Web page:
Subdivisions With No HOA Can Still Have Covenants, But Who’s to Enforce Them?

AlthReal_Estate_Today_bylineough the often dreaded Homeowners Association (or “HOA”) has been around for a long time, its widespread use goes back only a few decades. Prior to, say, 1980, it was common for new subdivisions to have covenants, but no reasonable way to enforce them.  This begs the question; “why have covenants if they can’t be enforced?”  Enter the HOA, an entity designed and created to answer that question.

Many early covenants had provisions that after 30 years or so the majority of homeowners would have to petition to renew them. Some covenants had the opposite provision — i.e., they automatically renewed unless a majority of homeowners agreed to abandon them.  All covenants, whether still valid or not, are recorded and thus provided with other title docs.

Let’s say you live in a subdivision with still  enforceable covenants but no HOA.  The only way to enforce the covenants against a homeowner who is in violation of them would be for one or more homeowners to file a civil suit against the offender.  Obviously, that is not practical, which is probably why developers of new subdivisions started including an HOA in their CC&Rs — Covenants, Conditions and Restrictions.

Some older subdivisions such as 6th Avenue West have created “neighborhood associations” with voluntary dues (usually under $100 per year) which are used to create community through various activities, such as picnics and newsletters.  That sense of community can in turn contribute to social pressure for members of the community to abide by the provisions set forth in the covenants.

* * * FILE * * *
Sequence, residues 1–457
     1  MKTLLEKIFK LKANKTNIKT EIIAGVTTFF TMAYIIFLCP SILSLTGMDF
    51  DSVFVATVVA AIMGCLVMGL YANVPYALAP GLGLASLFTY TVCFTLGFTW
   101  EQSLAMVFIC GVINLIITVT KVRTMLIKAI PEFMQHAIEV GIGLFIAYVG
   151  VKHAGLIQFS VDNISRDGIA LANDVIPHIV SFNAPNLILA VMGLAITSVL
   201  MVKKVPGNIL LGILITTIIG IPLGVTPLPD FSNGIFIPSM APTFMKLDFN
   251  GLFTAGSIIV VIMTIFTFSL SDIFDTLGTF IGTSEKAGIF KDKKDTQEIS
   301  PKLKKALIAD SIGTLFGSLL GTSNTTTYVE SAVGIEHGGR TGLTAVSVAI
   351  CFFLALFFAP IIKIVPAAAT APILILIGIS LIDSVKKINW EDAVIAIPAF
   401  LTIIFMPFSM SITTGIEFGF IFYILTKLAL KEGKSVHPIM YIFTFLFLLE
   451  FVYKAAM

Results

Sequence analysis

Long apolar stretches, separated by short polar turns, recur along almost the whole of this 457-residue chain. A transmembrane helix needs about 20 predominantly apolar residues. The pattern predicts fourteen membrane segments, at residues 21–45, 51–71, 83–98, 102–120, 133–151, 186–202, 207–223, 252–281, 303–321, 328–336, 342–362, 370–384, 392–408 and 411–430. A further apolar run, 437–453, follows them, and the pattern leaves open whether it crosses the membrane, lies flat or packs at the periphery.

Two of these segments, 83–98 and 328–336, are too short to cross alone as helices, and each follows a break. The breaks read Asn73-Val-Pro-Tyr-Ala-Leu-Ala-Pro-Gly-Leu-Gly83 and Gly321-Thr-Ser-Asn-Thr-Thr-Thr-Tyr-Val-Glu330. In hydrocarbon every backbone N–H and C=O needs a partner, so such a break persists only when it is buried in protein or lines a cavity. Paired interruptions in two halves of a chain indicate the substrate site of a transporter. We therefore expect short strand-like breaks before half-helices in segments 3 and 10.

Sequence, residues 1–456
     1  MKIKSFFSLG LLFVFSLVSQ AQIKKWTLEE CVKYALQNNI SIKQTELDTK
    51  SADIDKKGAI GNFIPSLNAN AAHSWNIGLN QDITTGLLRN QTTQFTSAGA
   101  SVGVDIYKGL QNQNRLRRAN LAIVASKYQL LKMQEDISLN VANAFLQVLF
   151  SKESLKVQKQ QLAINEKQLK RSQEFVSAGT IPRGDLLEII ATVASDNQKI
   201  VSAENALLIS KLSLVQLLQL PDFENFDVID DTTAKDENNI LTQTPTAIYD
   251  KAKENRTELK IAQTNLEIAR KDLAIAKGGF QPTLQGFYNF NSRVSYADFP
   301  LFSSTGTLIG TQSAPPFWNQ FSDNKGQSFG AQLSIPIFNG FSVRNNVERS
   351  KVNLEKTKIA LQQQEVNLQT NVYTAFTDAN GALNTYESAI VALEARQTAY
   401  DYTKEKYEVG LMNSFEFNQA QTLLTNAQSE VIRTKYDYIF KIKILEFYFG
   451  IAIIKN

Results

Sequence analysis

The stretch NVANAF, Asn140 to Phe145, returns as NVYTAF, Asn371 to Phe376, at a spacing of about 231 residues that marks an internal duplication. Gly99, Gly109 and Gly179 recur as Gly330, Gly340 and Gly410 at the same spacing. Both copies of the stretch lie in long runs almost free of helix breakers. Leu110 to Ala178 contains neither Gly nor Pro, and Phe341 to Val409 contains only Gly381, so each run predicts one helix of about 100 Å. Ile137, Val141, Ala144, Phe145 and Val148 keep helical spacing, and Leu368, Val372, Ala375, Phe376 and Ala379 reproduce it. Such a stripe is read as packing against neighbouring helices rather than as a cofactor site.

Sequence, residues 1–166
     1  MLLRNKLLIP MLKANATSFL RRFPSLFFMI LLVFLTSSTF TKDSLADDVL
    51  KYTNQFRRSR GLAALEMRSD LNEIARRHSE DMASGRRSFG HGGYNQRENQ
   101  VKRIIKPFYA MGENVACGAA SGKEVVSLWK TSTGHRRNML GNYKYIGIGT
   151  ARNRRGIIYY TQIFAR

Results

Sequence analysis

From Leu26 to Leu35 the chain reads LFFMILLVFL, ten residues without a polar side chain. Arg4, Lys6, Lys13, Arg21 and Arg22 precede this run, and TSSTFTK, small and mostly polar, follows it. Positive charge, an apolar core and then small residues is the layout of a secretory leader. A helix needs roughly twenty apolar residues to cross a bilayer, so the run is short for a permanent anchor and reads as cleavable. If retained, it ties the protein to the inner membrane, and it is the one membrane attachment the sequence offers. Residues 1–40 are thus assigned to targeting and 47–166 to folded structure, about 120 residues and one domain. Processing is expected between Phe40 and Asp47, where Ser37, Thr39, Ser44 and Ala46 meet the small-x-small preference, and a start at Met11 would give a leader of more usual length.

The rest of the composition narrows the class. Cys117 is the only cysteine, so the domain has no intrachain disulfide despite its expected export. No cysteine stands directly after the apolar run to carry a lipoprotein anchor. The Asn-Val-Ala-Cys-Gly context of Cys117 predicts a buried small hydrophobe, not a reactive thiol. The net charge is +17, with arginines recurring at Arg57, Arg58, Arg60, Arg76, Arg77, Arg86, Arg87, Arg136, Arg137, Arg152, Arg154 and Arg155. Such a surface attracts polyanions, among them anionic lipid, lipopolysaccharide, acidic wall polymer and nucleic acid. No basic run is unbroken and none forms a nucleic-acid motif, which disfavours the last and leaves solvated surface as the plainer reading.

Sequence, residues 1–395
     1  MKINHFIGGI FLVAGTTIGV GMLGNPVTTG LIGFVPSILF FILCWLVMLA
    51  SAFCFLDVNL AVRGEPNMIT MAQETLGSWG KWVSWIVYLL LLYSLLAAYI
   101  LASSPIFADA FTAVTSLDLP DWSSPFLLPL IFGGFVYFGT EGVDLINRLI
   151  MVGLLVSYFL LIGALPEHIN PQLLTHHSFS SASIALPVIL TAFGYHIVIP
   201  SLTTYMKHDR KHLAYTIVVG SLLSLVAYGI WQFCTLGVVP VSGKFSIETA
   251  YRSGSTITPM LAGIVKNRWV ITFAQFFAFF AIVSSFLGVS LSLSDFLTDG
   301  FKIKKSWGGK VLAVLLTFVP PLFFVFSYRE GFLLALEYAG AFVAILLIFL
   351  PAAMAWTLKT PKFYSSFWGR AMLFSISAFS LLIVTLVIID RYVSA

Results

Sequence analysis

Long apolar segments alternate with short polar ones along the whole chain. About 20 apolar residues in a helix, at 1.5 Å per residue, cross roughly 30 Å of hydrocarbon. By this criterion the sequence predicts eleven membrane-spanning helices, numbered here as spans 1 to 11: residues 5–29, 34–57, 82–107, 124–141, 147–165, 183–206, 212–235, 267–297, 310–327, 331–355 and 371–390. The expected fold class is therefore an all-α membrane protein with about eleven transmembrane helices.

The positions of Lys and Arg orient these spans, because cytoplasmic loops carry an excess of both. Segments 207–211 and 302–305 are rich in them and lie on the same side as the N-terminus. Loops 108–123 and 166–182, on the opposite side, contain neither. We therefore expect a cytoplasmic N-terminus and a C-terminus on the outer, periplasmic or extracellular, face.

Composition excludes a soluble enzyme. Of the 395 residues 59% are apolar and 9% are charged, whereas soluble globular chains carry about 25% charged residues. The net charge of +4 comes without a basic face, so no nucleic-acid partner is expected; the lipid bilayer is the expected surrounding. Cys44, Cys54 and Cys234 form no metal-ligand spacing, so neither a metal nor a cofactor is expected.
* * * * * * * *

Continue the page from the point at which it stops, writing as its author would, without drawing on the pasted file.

Lakewood Estates, a 1980s subdivision across Jewell Avenue from White Fence Farm, has taken this approach a step further. This voluntary HOA exerts pressure and has even shown a willingness to take legal action against residents who violate provisions of their older, but still existing covenants.

What neighborhood associations can’t do is to levy fines against homeowners. HOA fines can become liens against the property, too, so they always get paid, along with unpaid dues, even if only at closing upon sale.

Do you have experience in dealing with old and possibly unenforceable covenants?  I’d love to hear about it. Contact me at 303-525-1851 or email me at Jim@GoldenRealEstate.com. I may do a follow-up article on this topic.

 

Author: Golden Real Estate, Inc.

Golden Real Estate is a prominent member of the Denver/Jefferson County real estate scene. Based in Golden, we service both Denver and Jeffco, representing both buyers and sellers. We're well known for Broker Jim Smith's weekly "Real Estate Today" column published in the Denver and Jeffco editions of the Denver Post's YourHub section each Thursday. The column also appears in several weekly newspapers and is archived at www.JimSmithColumns.com. We have nine agents, all of whom are Realtors and EcoBrokers. Our office is solar powered and several of us drive electrics cars. Known for our sustainable practices, we accept polystyrene (aka "Styrofoam") for recycling, keeping 200 cubic yards per year out of area landfills.

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